Once again, I was wearing a wrong kind of shoe. I don't think I will ever learn.
The Boston Freedom Trail is a red trail of bricks that marches you through several miles of downtown Boston, and drags you past all the most important historical sites along the way. Along the way, you see Paul Revere's grave, his house, and the church where he (or someone else, actually) hung those signal lanterns.
You see statues of Paul Revere. You look at the X-rays from Paul Revere's last hairline fracture. You observe the tree where Paul Revere once sat and ate a sandwich. Then you gaze upon the balcony where George Washington delivered his famous "As I survey the spot where Paul Revere ate a sandwich" speech.
The Freedom Trail begins at Boston Common, the big city park. The first important historical site is the state house with its glowing dome:
Here's the South Meeting House where the Bostonians had their rabble-rabble-rabble meeting before they marched down to the harbor and hurled the tea into the water. Interesting things about this: The Boston Massacre took place right outside this building, and five people died. During the Siege of Boston, when the British were trapped inside the city, they ripped the pews out of the church, dragged in a bunch of dirt, and turned it into a riding ring. Inside, you can see the spot where George Washington stood and said he was amazed that people who revere their own churches so much could so casually defile ours. Good point.
Benjamin Franklin was born on Milk Street. His birthplace is now a Sir Speedy print shop:
See the bust of Franklin, above the second floor?
Here we are in Quincy Market, having lunch and trying to get the sparrows and pigeons to eat out of Benny's hand:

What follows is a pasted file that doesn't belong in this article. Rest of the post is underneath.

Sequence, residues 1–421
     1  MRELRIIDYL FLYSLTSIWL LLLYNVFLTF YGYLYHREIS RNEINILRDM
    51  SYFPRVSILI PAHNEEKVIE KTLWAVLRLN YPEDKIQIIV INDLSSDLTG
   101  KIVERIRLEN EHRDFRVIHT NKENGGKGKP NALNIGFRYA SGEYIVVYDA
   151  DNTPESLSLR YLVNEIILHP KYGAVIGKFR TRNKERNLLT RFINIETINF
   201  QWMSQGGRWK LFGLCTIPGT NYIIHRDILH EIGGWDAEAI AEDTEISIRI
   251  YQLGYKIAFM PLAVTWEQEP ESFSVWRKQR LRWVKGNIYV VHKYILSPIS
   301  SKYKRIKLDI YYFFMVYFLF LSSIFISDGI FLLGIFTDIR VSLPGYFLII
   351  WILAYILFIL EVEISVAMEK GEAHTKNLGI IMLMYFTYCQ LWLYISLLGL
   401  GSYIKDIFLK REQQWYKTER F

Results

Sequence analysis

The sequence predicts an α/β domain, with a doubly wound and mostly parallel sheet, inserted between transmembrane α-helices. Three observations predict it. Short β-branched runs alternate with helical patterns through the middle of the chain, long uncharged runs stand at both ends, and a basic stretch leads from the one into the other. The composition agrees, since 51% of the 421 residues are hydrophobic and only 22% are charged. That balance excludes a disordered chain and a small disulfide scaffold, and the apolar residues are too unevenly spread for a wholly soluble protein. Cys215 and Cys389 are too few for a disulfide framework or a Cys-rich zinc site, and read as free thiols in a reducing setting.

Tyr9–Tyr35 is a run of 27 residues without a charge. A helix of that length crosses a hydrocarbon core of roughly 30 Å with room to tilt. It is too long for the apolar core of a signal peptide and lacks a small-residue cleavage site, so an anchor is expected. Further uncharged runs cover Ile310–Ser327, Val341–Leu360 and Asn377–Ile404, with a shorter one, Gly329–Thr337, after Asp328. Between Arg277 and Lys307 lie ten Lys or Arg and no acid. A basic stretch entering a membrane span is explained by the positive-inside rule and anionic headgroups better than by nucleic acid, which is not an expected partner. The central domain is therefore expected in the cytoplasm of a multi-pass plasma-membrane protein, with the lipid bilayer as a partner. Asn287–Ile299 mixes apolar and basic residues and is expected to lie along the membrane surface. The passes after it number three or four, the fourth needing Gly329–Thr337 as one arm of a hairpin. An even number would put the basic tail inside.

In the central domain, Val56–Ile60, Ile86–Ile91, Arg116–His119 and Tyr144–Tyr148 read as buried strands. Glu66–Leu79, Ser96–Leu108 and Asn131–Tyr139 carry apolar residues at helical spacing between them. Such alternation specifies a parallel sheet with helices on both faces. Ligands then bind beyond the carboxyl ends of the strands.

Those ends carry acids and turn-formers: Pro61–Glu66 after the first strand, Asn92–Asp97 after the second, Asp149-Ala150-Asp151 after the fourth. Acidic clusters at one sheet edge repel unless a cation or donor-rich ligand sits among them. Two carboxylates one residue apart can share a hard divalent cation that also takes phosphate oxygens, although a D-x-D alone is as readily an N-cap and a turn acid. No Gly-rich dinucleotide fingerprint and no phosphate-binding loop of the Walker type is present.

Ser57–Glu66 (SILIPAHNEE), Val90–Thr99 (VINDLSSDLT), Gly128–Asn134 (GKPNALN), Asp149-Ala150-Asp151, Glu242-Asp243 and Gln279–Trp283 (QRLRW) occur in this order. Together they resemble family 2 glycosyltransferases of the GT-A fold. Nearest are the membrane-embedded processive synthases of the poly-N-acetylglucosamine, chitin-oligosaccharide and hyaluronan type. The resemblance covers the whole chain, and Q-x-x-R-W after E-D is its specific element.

And here's Sadie! She has been hiding in the stroller this whole time, refusing to let me photograph her. Let me say that every building in Boston has stairs, no one can find the ramps and elevators, and I need a flying stroller. At least the baby is happy.
Gelato in Little Italy:
We deviated from the Freedom Trail and its bossy red bricks so we could make a circuit back to the car, via Beacon Hill. Here's Benny on Charles St. I read a smug little explanation online about Charles Street, that boasted there are no neon signs and no franchises. I guess the original Dunkin' Donuts, Ritz Camera, and 7-Eleven must be on Charles Street then. And the Freedom Trail doesn't even go down it!
Benny found a shoe repair guy doing work on a boot in his little basement workshop -- it was really cool. We looked for simple machines. Benny rapped on the window and I said, "Don't knock on the glass!" You know, because it scares the shoe repair guys! Turns out shoe repair guys aren't puffer fish -- he smiled and waved at Benny.
Here's Benny at the Massachusetts Department of Mental Health. I have no caption for this:
They were filming a movie on the lagoon side of Boston Common. I peered and peered and peered to try and figure out who the stars were... WELL! We researched it when we got back to the condo. The blonde I saw was Kate Hudson and the Ben Afflecky looking person I saw was Dane Cook! And the movie was Bachelor #2. Neat! I saw a chicklit movie getting filmed! I'm totally almost famous now!
Sadie tried to sneak onto the movie set, disguised as a stroller, but they busted her. DARN. So close.
So, that was our four mile hike around the city of Boston. Two many burial grounds for Benny, and too many stairs for me. I failed to take a picture of Benny making an angry, outraged face at the plaque in the sidewalk on the site of America's first public school. His favorite thing was the huge dry fountain outside the old North Church, which he said was a racetrack, and in which he took many laps. Sadie's favorite was the duck that chased her in Boston Common. My favorite was the South Meeting House -- RABBLE RABBLE RABBLE!!!!!